The winds of change don’t always blow smoothly in forestry, but down in the lower half of the North Island, one change seems to have breezed in without leaving chaos in its wake.
On the contrary, it’s had a remarkably positive effect, which could become far-reaching for the industry as a whole.
Last year, NZ Logger visited Whanganui to look at some new ideas being trialled by Forest Growers Research (FGR) to make harvesting operations more efficient, safer and kinder to the environment.
One of those ideas was a ‘re-invention’ of two-staging extraction that was about to be put into operation on a 420-hectare privately-owned forest managed by FOMS Ltd.
The idea was based around using an 8x8 truck to run loads from small landings over simplified tracks to a super-skid near the public road for sorting.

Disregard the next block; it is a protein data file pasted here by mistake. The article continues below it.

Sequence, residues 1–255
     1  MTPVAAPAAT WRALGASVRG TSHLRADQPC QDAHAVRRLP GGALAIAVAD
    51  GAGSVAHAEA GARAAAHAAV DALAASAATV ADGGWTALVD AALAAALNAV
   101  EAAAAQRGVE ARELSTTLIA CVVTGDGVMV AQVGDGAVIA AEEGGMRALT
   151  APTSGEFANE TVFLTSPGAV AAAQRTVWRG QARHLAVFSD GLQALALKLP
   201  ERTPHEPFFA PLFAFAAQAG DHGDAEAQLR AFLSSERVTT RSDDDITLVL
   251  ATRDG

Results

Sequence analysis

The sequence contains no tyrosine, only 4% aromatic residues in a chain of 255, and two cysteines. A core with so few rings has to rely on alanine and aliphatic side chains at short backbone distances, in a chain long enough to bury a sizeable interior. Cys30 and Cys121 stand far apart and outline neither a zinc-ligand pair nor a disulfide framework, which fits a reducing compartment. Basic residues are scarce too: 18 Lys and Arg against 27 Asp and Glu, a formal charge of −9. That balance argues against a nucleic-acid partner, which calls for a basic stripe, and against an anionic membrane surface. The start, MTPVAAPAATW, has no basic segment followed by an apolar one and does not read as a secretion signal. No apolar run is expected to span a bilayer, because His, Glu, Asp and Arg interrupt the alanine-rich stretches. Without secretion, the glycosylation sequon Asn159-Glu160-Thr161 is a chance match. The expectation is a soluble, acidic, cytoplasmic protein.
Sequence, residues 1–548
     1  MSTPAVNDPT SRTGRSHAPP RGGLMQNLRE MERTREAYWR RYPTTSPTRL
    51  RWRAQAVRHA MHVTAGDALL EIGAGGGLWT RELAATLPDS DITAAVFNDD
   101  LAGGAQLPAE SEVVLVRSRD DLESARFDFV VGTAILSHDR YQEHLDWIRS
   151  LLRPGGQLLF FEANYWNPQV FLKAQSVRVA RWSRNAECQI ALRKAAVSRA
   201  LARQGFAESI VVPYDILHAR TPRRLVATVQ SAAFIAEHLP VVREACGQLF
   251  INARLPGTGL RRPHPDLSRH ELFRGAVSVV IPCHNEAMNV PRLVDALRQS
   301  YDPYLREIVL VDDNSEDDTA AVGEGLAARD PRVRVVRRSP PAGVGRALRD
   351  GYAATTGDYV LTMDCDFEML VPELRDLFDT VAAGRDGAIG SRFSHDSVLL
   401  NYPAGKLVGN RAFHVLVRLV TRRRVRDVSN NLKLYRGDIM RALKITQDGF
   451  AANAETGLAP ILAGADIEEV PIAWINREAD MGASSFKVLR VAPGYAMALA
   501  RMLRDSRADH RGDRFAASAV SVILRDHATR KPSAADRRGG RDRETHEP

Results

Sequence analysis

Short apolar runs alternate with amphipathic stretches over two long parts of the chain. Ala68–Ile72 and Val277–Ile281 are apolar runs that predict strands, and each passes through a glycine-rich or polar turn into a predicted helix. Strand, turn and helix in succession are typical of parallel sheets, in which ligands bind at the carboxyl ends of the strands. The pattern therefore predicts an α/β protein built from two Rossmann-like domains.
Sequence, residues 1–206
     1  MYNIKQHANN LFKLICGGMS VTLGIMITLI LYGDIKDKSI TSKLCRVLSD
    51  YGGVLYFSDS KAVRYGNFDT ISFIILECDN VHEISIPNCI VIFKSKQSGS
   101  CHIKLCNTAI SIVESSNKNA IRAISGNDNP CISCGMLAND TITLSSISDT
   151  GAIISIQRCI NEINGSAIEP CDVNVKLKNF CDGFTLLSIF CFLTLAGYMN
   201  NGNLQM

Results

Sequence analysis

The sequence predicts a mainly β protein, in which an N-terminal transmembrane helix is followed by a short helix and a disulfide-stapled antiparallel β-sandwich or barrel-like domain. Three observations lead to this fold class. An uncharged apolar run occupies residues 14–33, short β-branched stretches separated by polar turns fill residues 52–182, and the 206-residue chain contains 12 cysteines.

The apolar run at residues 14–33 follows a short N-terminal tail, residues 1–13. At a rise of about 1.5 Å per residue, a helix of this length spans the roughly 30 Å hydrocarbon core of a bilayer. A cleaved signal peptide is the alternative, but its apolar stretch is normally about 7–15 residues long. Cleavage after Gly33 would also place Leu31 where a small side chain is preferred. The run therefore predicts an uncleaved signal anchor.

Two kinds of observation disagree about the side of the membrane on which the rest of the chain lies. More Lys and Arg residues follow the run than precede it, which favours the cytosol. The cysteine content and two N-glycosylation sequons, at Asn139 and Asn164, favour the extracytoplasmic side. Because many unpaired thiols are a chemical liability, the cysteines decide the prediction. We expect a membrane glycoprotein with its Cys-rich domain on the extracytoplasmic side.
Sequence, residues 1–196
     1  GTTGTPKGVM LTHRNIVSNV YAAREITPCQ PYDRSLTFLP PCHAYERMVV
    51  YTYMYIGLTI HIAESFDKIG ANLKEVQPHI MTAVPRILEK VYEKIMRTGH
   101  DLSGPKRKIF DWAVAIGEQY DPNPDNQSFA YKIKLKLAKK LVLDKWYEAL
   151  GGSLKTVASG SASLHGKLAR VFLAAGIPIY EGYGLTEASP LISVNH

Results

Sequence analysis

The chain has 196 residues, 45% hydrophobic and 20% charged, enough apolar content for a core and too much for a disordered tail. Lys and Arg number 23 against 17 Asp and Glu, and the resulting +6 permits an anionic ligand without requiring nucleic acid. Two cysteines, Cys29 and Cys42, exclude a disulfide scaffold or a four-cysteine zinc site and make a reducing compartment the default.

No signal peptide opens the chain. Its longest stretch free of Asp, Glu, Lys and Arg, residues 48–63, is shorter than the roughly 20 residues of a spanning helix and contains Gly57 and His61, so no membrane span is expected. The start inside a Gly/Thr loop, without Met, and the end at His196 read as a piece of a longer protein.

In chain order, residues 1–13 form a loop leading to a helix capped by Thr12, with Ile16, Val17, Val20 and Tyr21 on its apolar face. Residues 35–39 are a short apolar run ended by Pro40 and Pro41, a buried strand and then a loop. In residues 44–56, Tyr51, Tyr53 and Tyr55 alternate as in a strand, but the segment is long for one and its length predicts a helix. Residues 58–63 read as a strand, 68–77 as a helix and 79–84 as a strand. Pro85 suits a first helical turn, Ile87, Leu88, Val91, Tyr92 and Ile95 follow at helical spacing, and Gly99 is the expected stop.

It’s now been more than 12 months since the trial began. Has it worked?
We caught up with FOMS Director, Marcus Musson, at the recent Woodflow 2018 conference in Rotorua to hear the results. But first, a recap on what prompted the project in the first place.
Like many in the industry, FOMS has become increasingly concerned about the environmental effects of harvesting steep blocks, where a large amount of land is disturbed in the creation of big landings to process, stack and load wood, as well as expensive roading that results in tracks pushed through erosion-prone hills, leaving large side-casts that are vulnerable to slipping in bad weather...
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